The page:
New parking lines on 108th Street in Forest Hills has caused pandemonium for confused drivers, some of whom have forsaken parking in the commercial area because they say it is too frustrating and inconvenient, shop owners and residents said.
“I can’t park here anymore, and I work here,” said Angela Matacova, an employee at Gifts Plus, at 64-18 108th St. “You can’t pull in anymore. Every customer is complaining about it, and it is very dangerous now.”
The city Department of Transportation flipped the parking lines on 108th Street between 63rd Drive and 65th Avenue last week in an attempt to get drivers to back into the spots instead of going in head-first.
Transportation officials said the new parking is safer for drivers who back into the spots because they will then be pulling out with the flow of traffic instead of maneuvering against oncoming cars.
Monty Dean, the DOT’s assistant press secretary, said the new parking space lines “are the continuation of a DOT policy started in 1994 to establish back-in angle parking where possible, as it is safer because drivers leaving the spaces have a better view of oncoming traffic.”
The city did not notify shop owners, residents, civics or the community board about the new parking, according to Community Board 6 District Manager Frank Gulluscio.
“We’ve gotten complaints,” Gulluscio said. “Nobody has said they’re for it.”
City officials additionally have not posted signs alerting drivers to the new lines, though Dean said Tuesday the DOT will soon be installing “back in parking only” signs on 108th Street.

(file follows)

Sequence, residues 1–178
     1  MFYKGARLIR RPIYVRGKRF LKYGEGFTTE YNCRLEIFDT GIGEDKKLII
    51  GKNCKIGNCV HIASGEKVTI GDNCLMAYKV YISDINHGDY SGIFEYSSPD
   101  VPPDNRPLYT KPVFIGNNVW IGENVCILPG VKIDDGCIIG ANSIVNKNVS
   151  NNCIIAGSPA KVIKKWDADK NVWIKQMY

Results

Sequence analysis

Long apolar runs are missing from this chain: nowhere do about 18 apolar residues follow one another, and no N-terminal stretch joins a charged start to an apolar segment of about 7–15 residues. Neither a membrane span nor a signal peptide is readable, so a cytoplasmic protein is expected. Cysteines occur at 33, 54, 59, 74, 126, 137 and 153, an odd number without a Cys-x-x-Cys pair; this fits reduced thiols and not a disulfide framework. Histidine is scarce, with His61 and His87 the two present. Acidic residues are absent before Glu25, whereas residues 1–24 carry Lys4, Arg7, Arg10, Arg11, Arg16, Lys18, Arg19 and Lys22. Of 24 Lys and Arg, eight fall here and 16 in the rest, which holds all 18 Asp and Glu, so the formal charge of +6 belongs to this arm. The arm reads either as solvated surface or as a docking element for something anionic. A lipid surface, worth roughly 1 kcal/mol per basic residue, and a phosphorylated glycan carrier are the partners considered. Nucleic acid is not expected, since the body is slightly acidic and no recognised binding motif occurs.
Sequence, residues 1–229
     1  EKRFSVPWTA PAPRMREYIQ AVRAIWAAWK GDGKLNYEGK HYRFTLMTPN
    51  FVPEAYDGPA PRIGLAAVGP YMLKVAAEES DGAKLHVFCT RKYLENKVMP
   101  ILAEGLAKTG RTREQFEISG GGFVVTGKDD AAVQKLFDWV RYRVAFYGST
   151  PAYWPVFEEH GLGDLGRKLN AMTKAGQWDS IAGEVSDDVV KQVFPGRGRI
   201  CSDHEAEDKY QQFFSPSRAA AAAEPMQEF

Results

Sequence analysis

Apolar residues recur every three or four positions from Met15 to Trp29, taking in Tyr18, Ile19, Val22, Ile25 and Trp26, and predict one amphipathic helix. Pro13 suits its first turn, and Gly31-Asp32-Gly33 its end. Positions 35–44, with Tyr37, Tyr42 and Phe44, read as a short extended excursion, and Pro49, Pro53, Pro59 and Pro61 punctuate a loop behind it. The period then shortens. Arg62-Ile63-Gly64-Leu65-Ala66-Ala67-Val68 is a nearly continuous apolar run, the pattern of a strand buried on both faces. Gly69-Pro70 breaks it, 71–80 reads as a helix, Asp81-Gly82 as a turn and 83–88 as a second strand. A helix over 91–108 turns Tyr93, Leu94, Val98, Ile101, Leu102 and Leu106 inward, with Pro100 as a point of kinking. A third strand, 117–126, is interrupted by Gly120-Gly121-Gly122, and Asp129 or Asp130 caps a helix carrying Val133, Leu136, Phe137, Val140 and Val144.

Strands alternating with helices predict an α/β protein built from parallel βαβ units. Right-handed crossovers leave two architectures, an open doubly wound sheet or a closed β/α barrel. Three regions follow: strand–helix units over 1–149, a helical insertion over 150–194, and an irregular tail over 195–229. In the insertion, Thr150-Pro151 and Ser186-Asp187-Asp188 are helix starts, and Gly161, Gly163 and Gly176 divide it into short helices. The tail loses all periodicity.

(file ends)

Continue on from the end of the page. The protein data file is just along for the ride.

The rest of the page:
Isabel Simon, who visits her daughter in Forest Hills every Tuesday and Thursday, said the new lines are “insane.”
“This is the dumbest arrangement I’ve ever seen,” said Simon, who lives in Rockland County.
Simon had pulled into a spot headfirst on Tuesday morning when she realized her car was taking up portions of two spots. In order to correctly park, she would need to back into oncoming traffic and turn around.
“I’m afraid to pull out and pull back in,” she said. “I’ve seen everyone pull in the same way as me.”
Bashith Chowdhury, owner of The Center at the intersection of 64th Road and 108th Street, and Joseph Sedgh, who owns Gifts Plus, said the city should change the lines back to their old formation.
“Many people who park here are elderly and they don’t realize half their car is in the other spot,” Sedgh said. “When they want to back up, all the oncoming cars have to wait and traffic is backed up. It’s affecting our business because they cannot park here.”
Reach reporter Anna Gustafson by e-mail at agustafson
©2009 Community News Group
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